By Henri de Marne Universal Uclick Q: We have heard increasingly about radon, its presence and potential dangers. However, while I will admit freely my skepticism about most things, I also must admit my ignorance concerning this subject. We and our sons have resided in a home that we designed and had built some 30 Read More

Column: Keeping them clean

While visiting our grandkids in North Carolina a few weeks ago I had the opportunity to hang several blinds in their new home. Simple blinds designed for privacy and to help insulate from weather temperature swings are easy to hang and fairly inexpensive.  But by about the fifth shade, while standing on a foot stool, Read More

The charm of the modern farm: No ‘duck-in-bonnets’ motifs for this country style

March 13, 2015

By Mary G. Pepitone Universal Uclick You don’t need  attached acreage to enjoy the honest design of farm living. While the mauve ruffles and dusty blue “duck-in-bonnet” motifs of the 1980s country craze are out, today’s true farmhouse details also can be at home in suburbia or a city loft. The modern take on classic Read More

Garden ornament

I am inspired by ornament in the garden. Even if it is only a stack of stones or an interesting gate, trellis or plant. Once I dug a series of 36-inch deep holes in order to build a large rectangular wooden trellis/arbor over the shale walkway from the side yard to the terraced back yard. Read More

Column: Table topped

March 7, 2015

The surface of an old table or desk often shows the signs of wear and tear long before the rest of it is ready for the junk pile. Extend the life of the piece by covering the top with canvas, linen, leather or metal. First, measure the tabletop’s width and length, then measure its thickness. Read More

Column: Pruning fruit trees is a annual job

Scott Hininger is with the Sheridan County Extension office. March is a good time to start pruning fruit trees.  As the tree grows this spring, it will start to heal itself.  I think it is most important to prune only that which is needed.  This includes dead wood and broken branches. In addition, diseased branches Read More

Falling for Fallingwater

By Marty Ross Universal Uclick An invisible hand is at work in successful naturalistic landscapes. Nature gets all the credit in the eyes of the beholder, but there’s plenty of hard work behind the scenes. That human hand — well-concealed — shapes visitors’ experience of Fallingwater, the magnificent home in Mill Run, Pennsylvania, near Pittsburgh, Read More

Column: Are voles damaging your plants, trees and lawn?

February 27, 2015

By Scott Hininger Scott Hininger is with the Sheridan County Extension office. I noticed with the nice weather we recently had — with the snow gone — that there is some vole damage. Voles are mouse-looking rodents that can damage or consume flower bulbs, garden plants, vegetables and field and forage crops. Voles can scar Read More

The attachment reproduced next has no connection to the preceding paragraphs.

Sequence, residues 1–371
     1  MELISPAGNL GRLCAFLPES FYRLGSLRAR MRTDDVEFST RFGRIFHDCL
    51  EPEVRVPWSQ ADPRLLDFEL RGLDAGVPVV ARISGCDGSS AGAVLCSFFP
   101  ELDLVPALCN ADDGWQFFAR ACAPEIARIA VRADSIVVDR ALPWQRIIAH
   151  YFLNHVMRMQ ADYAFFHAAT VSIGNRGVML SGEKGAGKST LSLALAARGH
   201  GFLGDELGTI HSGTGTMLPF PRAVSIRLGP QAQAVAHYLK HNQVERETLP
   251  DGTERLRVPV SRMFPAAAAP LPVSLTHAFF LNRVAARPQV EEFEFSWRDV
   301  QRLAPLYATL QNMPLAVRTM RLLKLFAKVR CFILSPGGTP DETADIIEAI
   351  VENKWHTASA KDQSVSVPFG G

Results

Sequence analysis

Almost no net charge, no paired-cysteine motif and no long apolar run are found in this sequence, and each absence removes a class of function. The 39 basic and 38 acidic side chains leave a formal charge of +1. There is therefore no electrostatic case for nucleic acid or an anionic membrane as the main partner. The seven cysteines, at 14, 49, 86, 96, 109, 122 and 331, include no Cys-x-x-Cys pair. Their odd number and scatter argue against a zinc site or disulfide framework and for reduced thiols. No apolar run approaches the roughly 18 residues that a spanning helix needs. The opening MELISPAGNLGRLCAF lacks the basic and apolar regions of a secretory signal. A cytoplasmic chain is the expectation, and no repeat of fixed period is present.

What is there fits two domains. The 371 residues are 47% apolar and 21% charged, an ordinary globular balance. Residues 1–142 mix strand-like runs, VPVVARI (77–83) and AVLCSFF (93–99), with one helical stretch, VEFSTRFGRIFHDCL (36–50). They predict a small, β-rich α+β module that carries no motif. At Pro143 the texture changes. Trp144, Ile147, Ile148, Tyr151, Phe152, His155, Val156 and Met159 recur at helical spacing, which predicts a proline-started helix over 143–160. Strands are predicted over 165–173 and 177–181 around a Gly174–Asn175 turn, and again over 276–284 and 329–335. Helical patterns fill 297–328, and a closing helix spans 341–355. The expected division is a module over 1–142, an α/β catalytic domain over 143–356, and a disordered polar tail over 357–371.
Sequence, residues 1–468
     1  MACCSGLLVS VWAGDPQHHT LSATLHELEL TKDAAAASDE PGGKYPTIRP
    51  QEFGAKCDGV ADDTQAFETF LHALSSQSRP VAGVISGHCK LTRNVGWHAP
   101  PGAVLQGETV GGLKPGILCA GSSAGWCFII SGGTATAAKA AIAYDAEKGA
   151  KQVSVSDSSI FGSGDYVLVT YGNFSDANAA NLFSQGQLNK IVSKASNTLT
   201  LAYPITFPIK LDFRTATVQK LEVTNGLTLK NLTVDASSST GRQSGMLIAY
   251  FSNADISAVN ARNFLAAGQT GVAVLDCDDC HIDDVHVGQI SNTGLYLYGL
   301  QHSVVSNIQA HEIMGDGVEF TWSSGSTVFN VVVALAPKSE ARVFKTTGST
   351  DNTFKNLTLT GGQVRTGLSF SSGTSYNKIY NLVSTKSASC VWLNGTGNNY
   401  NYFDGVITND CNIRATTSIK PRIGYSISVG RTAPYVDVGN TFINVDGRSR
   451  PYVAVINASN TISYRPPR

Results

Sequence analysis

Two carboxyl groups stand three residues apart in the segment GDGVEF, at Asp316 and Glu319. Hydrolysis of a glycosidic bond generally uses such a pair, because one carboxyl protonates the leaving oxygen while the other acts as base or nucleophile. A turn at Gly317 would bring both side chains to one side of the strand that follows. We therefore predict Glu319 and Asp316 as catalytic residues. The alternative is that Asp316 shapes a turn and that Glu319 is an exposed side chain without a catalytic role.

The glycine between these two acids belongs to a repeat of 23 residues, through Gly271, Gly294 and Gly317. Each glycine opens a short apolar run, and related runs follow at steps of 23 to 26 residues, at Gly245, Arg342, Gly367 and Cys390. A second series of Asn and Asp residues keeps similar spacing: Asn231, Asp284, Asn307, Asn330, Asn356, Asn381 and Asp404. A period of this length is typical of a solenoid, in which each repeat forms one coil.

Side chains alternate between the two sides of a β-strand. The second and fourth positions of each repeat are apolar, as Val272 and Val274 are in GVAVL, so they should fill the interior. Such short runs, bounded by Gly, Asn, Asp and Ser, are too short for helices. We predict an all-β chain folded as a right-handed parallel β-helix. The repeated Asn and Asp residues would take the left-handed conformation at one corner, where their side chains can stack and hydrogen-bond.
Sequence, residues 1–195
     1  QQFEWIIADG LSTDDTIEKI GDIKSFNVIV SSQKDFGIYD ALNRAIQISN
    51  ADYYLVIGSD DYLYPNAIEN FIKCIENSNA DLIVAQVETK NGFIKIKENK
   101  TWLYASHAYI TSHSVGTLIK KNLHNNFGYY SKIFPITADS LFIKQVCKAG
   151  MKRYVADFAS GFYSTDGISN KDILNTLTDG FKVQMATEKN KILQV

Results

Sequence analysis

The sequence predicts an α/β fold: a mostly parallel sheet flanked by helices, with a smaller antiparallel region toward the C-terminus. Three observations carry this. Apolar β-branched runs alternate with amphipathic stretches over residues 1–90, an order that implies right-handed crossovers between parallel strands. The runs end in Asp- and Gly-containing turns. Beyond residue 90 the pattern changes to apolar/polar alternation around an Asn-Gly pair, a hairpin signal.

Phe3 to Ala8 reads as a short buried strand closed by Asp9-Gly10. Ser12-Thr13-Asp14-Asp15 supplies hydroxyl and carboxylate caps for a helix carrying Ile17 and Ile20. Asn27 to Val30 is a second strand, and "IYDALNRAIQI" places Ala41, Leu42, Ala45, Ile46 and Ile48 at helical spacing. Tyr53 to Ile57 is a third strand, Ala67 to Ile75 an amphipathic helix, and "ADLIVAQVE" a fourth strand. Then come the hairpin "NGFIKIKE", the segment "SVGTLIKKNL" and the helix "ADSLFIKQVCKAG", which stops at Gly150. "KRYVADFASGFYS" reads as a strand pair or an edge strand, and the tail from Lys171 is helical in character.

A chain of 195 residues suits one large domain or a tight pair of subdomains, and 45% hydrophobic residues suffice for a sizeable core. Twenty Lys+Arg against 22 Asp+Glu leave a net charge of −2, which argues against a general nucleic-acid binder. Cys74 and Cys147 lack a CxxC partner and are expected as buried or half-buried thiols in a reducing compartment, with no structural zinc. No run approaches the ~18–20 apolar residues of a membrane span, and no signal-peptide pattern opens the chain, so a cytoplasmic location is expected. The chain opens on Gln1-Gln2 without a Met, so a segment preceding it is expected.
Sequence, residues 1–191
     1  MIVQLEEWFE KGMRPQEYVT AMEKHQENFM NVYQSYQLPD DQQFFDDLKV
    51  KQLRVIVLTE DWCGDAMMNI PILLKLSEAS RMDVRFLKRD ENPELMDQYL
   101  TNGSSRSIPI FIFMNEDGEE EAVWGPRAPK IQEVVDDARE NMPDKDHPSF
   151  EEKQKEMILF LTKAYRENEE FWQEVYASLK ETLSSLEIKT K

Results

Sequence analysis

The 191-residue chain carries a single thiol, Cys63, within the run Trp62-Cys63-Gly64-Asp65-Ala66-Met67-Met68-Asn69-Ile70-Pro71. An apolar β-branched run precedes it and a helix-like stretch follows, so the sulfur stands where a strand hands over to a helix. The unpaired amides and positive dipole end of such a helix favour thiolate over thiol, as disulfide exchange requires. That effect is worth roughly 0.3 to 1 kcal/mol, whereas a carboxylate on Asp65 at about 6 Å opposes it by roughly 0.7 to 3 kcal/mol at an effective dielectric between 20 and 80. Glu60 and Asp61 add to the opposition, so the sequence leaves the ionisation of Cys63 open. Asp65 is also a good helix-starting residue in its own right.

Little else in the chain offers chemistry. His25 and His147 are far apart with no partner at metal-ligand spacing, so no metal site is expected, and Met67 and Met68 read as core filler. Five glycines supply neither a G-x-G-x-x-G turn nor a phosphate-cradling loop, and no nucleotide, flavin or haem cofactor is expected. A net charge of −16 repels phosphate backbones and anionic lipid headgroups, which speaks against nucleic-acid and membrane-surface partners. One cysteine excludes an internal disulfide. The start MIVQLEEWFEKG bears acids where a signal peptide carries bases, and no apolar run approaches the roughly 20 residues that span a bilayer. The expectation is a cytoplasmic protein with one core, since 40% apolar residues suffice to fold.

2015’s color of the year makes a mark

By Elaine Markoutsas UniversalUclick Color trends come and go, but certain hues are perennial hangers-on. Take red, for example. Chicago interior designer Alessandra Branca is a known red lover. When she designed a collection of fabrics for Schumacher, red played a starring role. Sometimes her approach is playful, like pairing red-and-white ticking stripe lampshades with Read More

Column: Things to do for March

Inside: Deep clean carpets and rugs. Rent or buy a carpet cleaner. If you have wool rugs or carpet, or any that are valuable or delicate, hire a professional for cleaning. Take advantage of warm days to open the windows and air out the house. Clean ceiling fans. Stand on a sturdy ladder and wipe Read More

Getting the jump on the growing season with transplants

February 20, 2015

Scott Hininger is with the Sheridan County Extension office. Gardeners in Wyoming can get a head start on the season by the use of vegetable transplants. Too many make the mistake of starting transplants in the house too early, producing plants, which are soft, tall and spindly. These will suffer a setback when set out Read More

Column: Handmade votives

The warm glow of a candle is calming and makes everything around it also glow. Little votives made from small terra-cotta pots make ideal lights for use indoors and out. To make potted candles,  start with a collection of three or four-inch flowerpots from the garden or hardware store. Close the drainage hole with a Read More

Q & A: Heated gutters won’t fix the cause of ice dam issue

By Henri de Marne Universal Uclick Q: Do you have any experience with heated gutter covers to prevent ice dams? My insulation is good, so there are none of the usual heat loss causes. — via email A: If ice dams form at the eaves of your roof, there is some heat loss somewhere. If Read More






For the best in Sheridan adventures, visit the new DestinationSheridan.com Visit Now